It is my great pleasure to update you on the 2009 vintage in Piedmont and Tuscany, reporting on the harvests at our family's three properties: Gaja Winery in Barbaresco, Ca' Marcanda in Bolgheri and Pieve Santa Restituta in Montalcino.
Piedmont: The Langhe
This year is on track to be an extraordinary vintage, although the last part of the race—the most important part—has yet to be run. The climate in the 2009 growing season was particularly promising. We had abundant snowfalls from November to March, more than we've had in years. March and April were very rainy, and the almost daily rain continued into the beginning of June. (The heavy rains caused some landslides on the narrow streets of the Langhe, and you can still see places where the sides collapsed.) Unfortunately, we also had some hail at the beginning of June, but it affected very few vineyards.
Both the snow and rain have been very important in allowing our fields to recover from the drought that little by little has increased in the area. The groundwater and deeper layers of the soil are now being restored.
Thanks to the abundance of water, the vegetation began growing rapidly during the first warm, sunny days in May. Around May 20, the vines started flowering.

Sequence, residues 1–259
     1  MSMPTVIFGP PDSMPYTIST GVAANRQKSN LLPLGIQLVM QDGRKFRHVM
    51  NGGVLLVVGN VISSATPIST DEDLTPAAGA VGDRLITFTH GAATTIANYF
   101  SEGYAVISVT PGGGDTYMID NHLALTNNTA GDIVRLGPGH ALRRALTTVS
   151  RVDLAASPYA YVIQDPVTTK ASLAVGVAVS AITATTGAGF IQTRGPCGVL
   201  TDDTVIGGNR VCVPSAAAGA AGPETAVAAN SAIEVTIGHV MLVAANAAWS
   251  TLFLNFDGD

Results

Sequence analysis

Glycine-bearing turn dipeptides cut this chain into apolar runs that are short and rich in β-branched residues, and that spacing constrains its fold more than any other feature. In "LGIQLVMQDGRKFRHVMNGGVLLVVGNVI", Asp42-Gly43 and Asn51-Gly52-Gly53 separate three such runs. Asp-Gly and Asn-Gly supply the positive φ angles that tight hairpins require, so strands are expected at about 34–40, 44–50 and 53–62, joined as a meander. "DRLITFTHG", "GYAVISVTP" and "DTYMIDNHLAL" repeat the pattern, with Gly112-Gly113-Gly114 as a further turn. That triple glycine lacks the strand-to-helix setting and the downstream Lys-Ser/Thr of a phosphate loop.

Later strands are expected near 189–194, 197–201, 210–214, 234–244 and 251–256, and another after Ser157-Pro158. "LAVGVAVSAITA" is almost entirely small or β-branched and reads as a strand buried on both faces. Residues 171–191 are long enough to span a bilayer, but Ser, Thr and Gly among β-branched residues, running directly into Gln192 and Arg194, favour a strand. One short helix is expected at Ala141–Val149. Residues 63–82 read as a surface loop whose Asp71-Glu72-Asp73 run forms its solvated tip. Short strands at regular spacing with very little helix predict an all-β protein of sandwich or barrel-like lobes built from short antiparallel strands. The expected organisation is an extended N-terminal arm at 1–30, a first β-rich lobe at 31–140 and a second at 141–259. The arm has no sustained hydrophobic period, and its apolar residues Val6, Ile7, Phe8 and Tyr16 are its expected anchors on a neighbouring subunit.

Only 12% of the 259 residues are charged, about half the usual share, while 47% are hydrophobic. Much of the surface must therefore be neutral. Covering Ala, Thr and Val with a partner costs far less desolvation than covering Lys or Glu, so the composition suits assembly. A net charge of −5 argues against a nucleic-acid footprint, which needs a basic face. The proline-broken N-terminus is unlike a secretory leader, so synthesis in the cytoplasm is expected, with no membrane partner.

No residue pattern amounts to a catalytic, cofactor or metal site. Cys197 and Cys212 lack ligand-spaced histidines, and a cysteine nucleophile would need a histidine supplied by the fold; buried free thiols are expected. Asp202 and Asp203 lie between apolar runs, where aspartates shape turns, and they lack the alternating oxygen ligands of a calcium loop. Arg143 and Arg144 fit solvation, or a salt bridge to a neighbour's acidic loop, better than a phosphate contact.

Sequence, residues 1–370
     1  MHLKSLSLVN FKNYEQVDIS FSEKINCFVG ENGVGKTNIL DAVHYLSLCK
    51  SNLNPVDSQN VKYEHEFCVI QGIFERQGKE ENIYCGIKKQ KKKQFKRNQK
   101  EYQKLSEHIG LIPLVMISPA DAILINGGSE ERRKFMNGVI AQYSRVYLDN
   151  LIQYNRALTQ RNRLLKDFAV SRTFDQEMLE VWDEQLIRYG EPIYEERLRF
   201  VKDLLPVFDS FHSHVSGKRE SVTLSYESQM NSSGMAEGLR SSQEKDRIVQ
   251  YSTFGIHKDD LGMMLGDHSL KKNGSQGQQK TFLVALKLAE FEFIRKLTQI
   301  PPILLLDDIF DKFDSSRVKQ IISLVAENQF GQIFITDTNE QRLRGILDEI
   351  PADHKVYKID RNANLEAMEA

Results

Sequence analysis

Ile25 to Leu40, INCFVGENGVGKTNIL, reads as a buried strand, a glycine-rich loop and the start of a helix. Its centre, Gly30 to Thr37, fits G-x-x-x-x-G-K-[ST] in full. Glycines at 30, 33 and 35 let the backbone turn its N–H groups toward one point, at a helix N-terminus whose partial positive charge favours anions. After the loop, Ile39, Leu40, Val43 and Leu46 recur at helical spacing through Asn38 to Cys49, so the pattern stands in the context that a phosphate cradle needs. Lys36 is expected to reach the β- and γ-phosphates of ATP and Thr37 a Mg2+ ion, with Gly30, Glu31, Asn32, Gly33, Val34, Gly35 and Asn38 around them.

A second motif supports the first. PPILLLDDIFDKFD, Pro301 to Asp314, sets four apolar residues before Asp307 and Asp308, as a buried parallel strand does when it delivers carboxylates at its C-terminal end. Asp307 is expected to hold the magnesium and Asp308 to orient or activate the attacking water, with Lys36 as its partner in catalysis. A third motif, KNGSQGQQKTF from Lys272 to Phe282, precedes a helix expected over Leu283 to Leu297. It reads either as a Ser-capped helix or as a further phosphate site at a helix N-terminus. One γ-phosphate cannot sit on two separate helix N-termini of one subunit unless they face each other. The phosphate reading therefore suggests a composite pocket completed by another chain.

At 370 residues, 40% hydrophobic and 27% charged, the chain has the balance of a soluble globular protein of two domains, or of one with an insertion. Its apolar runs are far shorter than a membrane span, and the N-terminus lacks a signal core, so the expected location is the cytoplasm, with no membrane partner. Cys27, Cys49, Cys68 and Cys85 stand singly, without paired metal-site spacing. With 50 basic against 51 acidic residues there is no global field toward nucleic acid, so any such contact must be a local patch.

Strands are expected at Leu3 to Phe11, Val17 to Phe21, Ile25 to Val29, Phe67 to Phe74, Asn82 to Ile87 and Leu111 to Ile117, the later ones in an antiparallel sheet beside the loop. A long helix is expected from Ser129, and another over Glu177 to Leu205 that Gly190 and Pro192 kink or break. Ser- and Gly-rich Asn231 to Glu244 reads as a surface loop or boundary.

From mid-June on, the rains finally stopped and the days were sunny, so the grapes had all the perfect growing conditions: warmth, sun and reserves of water. At the end of June, the berries started to change color, and the ripening process sped up.
As we moved into the August heat, growth slowed and the ripening process continued. September began with very cool nights (59° F / 15° C) and warm, sunny days.
Now that we have entered the harvest season, our winery's courtyard is filled with the sweet perfume of fermenting Chardonnay and Sauvignon Blanc. The harvest of the white grapes began on Sept. 7 and finished on Sept. 11. The weather during the harvest has been excellent. We have been harvesting only in the mornings, when the temperature has barely reached 68° F (20° C).
In my next post, I will give you details of the Nebbiolo harvest that is just starting.
The Bolgheri area is a thin stretch of flat land, bordered by the sea to the west and tree-covered mountains to the east. Bolgheri is characterized by constant winds that flow through a perfect corridor. These winds are useful all year long because they move the clouds, keep the temperature down during the summer, and dry the grapes in autumn, protecting the integrity of the berries.
The climatic conditions are quite different in Bolgheri compared to Piedmont, but the trends this season have been similar. The 2009 growing season in Bolgheri saw an abundantly rainy winter that continued throughout the spring. Rains were so constant that we wondered if we would ever get our good weather back. Finally, April started with warmer days and continued with strong sun and dry days. The grapes at Ca' Marcanda look healthy, but the berries are smaller than usual.
I will soon have news about the harvest in Montalcino and updates on the Langhe and Bolgheri. Here's hoping for good news!